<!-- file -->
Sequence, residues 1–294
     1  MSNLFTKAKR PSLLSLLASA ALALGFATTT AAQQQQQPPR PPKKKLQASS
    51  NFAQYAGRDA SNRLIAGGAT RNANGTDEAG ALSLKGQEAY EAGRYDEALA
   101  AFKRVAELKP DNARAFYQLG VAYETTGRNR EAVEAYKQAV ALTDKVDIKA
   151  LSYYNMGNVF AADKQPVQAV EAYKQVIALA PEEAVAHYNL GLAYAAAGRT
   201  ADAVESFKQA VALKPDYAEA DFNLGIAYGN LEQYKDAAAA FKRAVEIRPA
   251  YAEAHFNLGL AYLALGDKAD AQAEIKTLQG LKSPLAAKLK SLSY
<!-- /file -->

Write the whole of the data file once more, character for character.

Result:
Sequence, residues 1–294
     1  MSNLFTKAKR PSLLSLLASA ALALGFATTT AAQQQQQPPR PPKKKLQASS
    51  NFAQYAGRDA SNRLIAGGAT RNANGTDEAG ALSLKGQEAY EAGRYDEALA
   101  AFKRVAELKP DNARAFYQLG VAYETTGRNR EAVEAYKQAV ALTDKVDIKA
   151  LSYYNMGNVF AADKQPVQAV EAYKQVIALA PEEAVAHYNL GLAYAAAGRT
   201  ADAVESFKQA VALKPDYAEA DFNLGIAYGN LEQYKDAAAA FKRAVEIRPA
   251  YAEAHFNLGL AYLALGDKAD AQAEIKTLQG LKSPLAAKLK SLSY